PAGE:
1. Gastro Halls & Food Markets – The emergence and strengthening of the food market, largely driven by demand from consumers. There has been an explosion in food markets, delivered in the main by London Union headed up by Henry Dimbleby and Jonathan Downey, with the likes of Dinerama, Hawker House and Model Market, and most recently Timeout Market from Lisbon has announced their new outlet in Shoreditch. We see this to be a big growth market with more concepts to come; the best will be those at the cutting edge having access to all of the latest up and coming operators.
  2. Small is beautiful. Landlords helping more leisure operators onto the scene offering smaller restaurant trading formats: More affordable overheads and reduced capex is giving rise to a more eclectic line up of operators.
  3. Increased developer focus on leisure to cater for the demographic power shift in terms of spend – the Millennials and Generation Z’s – and increase focus on place-making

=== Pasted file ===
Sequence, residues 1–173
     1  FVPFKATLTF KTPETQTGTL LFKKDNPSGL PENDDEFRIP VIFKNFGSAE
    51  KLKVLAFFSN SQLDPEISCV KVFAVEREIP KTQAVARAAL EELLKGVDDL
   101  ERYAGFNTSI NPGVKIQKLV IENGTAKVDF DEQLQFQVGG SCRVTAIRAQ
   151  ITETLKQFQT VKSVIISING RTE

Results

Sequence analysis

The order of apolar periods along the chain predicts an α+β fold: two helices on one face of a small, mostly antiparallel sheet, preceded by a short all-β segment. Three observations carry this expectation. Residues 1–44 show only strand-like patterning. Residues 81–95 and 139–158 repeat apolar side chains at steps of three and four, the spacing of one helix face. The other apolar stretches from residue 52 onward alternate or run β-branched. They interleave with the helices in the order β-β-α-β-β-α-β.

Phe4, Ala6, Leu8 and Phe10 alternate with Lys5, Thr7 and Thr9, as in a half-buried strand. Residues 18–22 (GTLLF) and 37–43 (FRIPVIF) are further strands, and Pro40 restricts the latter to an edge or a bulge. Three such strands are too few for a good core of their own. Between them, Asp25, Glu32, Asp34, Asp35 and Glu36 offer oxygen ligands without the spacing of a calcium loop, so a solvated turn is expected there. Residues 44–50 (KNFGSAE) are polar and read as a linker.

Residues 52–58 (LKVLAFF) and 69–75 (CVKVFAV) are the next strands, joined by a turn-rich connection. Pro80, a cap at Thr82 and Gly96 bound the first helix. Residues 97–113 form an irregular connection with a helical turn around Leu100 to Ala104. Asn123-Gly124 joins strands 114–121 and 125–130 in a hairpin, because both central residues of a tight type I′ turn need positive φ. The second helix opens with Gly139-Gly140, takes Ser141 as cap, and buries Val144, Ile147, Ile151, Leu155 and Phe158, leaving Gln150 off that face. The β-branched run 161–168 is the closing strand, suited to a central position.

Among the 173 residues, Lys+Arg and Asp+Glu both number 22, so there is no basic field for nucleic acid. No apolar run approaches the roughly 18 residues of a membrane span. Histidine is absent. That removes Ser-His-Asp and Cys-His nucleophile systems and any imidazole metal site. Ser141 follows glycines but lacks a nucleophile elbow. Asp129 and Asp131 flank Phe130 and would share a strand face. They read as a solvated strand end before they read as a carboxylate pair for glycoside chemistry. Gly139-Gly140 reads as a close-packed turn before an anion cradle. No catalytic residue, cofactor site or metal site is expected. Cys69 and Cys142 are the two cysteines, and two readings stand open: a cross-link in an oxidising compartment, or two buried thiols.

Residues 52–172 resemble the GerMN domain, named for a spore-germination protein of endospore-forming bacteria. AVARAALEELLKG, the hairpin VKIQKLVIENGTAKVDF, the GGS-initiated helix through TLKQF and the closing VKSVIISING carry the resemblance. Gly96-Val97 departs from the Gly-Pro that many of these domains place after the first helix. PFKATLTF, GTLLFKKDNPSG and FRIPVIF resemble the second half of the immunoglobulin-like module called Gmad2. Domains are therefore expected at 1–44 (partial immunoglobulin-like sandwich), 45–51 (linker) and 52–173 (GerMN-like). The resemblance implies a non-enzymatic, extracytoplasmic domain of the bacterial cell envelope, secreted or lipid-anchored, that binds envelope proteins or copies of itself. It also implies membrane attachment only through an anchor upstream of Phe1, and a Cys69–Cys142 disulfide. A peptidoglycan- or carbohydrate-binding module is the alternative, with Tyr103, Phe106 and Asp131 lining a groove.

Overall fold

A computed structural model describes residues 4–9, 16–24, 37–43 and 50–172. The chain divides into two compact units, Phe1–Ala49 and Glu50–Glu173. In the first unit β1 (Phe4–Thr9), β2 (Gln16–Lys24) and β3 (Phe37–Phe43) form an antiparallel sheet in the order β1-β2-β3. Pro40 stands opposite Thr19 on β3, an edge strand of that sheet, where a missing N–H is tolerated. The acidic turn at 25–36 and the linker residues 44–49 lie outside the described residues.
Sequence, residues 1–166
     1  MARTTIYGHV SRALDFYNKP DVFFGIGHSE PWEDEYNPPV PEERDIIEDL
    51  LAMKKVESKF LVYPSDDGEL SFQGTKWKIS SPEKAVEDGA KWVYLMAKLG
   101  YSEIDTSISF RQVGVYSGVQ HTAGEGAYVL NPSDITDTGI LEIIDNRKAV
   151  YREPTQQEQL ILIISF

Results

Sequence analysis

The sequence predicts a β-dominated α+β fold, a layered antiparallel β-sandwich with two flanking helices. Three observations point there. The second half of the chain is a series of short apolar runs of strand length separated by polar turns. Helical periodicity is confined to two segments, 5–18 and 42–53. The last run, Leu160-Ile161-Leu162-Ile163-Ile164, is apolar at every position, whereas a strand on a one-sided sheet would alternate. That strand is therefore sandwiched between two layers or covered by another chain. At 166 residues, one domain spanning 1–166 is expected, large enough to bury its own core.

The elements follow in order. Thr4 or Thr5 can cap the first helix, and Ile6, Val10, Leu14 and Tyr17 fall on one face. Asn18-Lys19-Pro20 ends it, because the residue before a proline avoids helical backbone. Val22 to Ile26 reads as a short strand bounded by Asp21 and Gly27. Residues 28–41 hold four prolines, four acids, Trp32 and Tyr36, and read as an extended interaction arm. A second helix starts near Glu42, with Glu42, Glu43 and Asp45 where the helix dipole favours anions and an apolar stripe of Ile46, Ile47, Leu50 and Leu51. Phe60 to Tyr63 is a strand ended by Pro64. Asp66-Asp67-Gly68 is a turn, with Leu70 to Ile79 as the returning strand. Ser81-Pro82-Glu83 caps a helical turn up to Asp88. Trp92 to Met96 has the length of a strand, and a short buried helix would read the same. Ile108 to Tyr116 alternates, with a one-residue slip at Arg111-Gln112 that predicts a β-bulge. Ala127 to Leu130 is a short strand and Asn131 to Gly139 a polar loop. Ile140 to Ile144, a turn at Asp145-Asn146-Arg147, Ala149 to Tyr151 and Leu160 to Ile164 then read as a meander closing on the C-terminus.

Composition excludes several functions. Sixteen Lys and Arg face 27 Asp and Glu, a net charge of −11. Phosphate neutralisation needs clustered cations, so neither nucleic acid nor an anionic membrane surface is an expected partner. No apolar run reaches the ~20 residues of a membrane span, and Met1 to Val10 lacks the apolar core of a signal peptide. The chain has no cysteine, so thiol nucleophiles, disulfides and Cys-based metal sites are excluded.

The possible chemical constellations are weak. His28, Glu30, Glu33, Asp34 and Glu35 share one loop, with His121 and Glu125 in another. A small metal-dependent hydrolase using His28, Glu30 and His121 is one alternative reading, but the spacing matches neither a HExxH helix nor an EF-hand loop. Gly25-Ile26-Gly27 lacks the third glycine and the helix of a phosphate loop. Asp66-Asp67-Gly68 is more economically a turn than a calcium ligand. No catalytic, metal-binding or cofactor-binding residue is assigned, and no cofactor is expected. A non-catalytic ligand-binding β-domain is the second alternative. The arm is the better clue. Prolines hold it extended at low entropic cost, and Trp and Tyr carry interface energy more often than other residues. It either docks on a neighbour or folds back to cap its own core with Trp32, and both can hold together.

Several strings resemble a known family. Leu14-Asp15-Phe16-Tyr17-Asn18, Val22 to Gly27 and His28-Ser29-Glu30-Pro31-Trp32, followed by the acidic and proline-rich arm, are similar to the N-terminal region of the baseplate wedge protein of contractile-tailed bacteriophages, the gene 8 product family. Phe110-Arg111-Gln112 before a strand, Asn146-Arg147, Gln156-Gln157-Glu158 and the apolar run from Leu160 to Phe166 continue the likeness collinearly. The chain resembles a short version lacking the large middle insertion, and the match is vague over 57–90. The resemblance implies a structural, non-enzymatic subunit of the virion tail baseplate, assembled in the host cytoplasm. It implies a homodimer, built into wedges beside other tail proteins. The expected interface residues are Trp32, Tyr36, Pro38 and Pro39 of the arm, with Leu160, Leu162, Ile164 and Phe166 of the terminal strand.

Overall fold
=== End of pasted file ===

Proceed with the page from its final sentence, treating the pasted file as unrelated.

4. Landlords expected to create more incubator-style environments, providing more support to operators from business planning to marketing and offering all-inclusive rents.
  5. Landscape, gardens and sustainability are driving higher up the business agenda, complementing the operator movement towards zero waste initiatives.



  1. Delivery is a big deal – Deliveroo and others including Uber Eats and Amazon are not going away! Central kitchens for these companies are already being sought, restaurants need to manage this relationship very carefully to ensure that customer experience and brand identity are not comprised, as well as the damage to earnings through delivery company share of profits and loss of sales through beverages and tips. We might see a number of the larger chains setting up delivery options of their own – taking back control of their quality control which the give away with a third party operative. This will also have a knock on effect on property requirements.
  2. Unit sizes – There has been a real move throughout 2016 to much smaller restaurant trading formats and we see this to continue aggressively into 2017. More affordable overheads and reduced capex is giving rise to a more eclectic line up of operators; you just have to look at the success of Kingly Court as a prime example.